For example, a good portion of my novel was born out of some psychological stress and poor thinking habits I've been confronting in myself over the past year. I suppose you could say that, on one level, writing the novel has been therapeutic for me, and I'm sure now that one of the reasons I think it works is precisely because of that influence.

    So, how "Christian" should my book, written by a Christian, be? It's a horror, btw, if that helps to elucidate the question.
    I think "subtle" can mean something as simple as "not marketed to a Christian audience". There are plenty of great Christian/Not-Christian works of art that are overtly Christian in theme, yet that I would still consider subtle enough to be open to a non-Christian audience. Robert Duvall's The Apostle, for instance. I mean, it's about a Pentecostal preacher. It doesn't get much more blatant than that, but the film doesn't try to sugarcoat a Christian message. It doesn't speak to the audience in Christianese, and for the most part, it was never marketed to a Christian audience. The film is about a heavily heavily flawed character. A man who acts the very opposite of the Christian he ought to be, yet the audience is left with the sense that his faith moves him beyond his circumstances and doing great good. It's really a modern David and Bathsheba sort of narrative. A lot of Christian films made by the Christian industry produce films that are intentionally for Christian audiences, and end their films happily with all the pieces in their proper places, and that's simply not reality. That's not something a non-Christian audience can relate to.

  9. Amen Zymologist, Cerebrum123, Chrawnus amen'd this post.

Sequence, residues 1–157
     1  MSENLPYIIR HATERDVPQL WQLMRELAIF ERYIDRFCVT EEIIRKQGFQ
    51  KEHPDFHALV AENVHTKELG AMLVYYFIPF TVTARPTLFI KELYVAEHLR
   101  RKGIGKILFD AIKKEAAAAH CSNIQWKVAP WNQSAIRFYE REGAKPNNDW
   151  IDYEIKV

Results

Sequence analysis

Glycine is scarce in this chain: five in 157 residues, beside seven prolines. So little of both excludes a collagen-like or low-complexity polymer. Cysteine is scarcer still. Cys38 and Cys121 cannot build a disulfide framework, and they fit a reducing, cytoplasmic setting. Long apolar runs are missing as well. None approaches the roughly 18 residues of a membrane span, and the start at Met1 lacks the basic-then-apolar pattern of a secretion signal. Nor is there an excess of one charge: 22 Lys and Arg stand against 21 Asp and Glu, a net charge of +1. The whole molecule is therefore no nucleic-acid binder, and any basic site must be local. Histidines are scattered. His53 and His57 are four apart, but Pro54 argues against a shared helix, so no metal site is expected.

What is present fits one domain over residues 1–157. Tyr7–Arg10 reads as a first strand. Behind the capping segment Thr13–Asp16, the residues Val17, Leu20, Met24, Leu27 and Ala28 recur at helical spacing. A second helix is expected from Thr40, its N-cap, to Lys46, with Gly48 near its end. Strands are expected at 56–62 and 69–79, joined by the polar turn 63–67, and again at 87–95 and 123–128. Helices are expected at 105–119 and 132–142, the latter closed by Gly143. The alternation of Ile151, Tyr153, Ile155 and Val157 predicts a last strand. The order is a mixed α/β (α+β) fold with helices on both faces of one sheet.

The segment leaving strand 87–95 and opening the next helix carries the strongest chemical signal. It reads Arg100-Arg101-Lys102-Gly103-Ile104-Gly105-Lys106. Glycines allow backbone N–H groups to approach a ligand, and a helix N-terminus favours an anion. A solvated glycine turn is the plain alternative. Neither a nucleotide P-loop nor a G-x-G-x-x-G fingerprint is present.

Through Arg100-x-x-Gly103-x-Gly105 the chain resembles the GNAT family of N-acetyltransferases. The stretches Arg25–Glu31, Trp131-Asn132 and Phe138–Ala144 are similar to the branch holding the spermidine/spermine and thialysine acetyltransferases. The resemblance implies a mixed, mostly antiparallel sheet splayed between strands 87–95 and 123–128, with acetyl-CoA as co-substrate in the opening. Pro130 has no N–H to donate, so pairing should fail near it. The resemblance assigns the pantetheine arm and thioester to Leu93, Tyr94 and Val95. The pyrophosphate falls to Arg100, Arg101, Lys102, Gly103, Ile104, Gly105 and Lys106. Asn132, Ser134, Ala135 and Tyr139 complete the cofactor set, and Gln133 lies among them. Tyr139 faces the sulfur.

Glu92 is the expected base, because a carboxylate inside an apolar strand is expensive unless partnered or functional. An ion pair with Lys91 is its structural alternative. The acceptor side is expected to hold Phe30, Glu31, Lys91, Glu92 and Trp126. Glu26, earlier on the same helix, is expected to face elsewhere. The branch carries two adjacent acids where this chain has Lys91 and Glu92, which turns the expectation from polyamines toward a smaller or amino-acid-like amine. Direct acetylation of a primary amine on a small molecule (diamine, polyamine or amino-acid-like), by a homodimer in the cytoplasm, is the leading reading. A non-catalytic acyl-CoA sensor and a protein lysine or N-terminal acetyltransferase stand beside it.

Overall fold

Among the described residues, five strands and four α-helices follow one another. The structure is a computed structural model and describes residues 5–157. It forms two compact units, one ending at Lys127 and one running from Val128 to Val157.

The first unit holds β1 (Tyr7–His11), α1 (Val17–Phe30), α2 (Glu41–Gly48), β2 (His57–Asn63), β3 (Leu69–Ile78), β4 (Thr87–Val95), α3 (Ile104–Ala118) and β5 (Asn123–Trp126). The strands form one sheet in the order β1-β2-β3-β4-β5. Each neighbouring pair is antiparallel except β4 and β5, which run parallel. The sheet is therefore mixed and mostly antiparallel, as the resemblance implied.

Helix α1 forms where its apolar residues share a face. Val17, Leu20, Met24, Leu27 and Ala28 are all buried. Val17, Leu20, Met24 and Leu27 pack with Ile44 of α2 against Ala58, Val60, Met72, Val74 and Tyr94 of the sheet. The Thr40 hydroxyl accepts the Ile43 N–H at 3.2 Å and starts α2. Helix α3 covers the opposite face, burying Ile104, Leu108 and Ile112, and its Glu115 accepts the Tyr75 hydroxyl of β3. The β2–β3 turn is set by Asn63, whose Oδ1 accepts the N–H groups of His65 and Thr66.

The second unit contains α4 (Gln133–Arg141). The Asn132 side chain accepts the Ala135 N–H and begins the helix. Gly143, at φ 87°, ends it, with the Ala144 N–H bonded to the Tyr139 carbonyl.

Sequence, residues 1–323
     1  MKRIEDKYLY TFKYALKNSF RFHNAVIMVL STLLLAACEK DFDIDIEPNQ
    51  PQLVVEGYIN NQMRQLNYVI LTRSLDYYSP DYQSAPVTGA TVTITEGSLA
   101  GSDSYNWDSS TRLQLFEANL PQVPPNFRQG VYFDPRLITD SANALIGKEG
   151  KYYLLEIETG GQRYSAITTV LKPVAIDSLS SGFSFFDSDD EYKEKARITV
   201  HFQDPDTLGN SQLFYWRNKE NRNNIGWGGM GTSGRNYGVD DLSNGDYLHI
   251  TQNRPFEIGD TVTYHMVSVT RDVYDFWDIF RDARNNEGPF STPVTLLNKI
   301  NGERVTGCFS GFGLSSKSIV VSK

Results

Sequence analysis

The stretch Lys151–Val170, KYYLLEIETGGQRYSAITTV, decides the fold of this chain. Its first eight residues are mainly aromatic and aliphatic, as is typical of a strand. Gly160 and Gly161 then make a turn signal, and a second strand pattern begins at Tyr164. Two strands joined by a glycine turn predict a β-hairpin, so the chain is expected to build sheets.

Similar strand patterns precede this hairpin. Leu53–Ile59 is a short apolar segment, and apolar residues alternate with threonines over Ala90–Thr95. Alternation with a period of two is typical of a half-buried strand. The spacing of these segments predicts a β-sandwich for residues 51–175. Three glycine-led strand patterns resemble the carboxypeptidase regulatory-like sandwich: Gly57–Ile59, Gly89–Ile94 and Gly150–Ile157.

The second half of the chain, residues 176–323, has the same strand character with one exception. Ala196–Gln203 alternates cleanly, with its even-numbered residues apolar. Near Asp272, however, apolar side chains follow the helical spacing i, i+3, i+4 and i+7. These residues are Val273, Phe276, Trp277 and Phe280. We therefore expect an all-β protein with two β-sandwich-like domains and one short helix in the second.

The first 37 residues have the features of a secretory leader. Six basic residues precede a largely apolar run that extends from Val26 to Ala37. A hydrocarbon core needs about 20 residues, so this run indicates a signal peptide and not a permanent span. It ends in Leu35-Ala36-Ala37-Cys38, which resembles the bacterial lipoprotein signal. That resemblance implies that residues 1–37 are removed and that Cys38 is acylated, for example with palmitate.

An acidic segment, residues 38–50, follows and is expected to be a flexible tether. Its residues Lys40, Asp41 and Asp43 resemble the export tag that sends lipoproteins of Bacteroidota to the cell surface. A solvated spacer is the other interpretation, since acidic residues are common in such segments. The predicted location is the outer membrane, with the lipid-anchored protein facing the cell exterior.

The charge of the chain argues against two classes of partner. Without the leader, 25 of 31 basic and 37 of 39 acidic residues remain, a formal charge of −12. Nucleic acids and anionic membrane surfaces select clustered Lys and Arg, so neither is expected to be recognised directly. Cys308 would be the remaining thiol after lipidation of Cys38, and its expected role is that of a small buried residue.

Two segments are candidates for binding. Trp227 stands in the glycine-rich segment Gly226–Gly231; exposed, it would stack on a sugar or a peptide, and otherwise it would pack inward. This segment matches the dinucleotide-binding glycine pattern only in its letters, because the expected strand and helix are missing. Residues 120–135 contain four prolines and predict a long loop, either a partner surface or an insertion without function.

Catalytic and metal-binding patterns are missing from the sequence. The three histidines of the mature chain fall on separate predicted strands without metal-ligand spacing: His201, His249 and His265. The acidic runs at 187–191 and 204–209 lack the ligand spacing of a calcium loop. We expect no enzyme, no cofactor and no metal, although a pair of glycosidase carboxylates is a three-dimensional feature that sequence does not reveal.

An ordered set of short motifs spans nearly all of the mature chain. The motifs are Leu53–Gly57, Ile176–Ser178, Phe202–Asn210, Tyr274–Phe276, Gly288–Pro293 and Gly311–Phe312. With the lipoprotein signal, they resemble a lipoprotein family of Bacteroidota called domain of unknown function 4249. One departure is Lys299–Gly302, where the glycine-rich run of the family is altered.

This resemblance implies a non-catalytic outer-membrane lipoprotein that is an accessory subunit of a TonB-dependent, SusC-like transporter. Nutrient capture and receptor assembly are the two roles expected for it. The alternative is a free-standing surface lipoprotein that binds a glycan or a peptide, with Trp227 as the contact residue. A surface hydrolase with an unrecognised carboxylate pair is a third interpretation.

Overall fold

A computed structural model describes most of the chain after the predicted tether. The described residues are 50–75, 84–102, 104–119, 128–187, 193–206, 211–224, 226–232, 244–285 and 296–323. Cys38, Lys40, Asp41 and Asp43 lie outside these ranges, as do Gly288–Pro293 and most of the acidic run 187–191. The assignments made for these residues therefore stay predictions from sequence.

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    Professor Zymologist's Avatar
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    Quote Originally Posted by thewriteranon View Post
    I don't think anyone has read past like chapter ten of my thing. I keep it closely guarded.
    I probably don't keep mine as closely guarded as I should. Hopefully I won't regret posting about this thing on here in six months' time.*

    But hey, if you ever want a beta or alpha reader and would be ok with sending stuff to a random guy on the internet with a dumb screen-name, I'll be willing.

    *Btw, if anybody ever runs across a thread that I made about my writing before about this time last year, please, please don't read it. It's garbage, and I am ashamed.
    Hofstadter's Law: It will always take longer than you expect, even if you take into account Hofstadter's Law.

    "Metal is an apple--everything's good but the core."

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    tWebber Adrift's Avatar
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    Quote Originally Posted by Zymologist View Post
    Here's a random thought that might help clarify my own thinking here:

    I've noticed a lot of Christian reviews--like PluggedIn--of popular movies focus very strictly on content: violence, language, sexual content. I've seen some movies that were violent that I thought were spectacular, or movies that had a good bit of swearing that I thought were extremely worthwhile. Conversely, I've seen some movies with PG-rated content that I thought were horrifying.
    Yeah, I agree. The Bible is not a PG-rated book. Why should we expect our movies and books to be?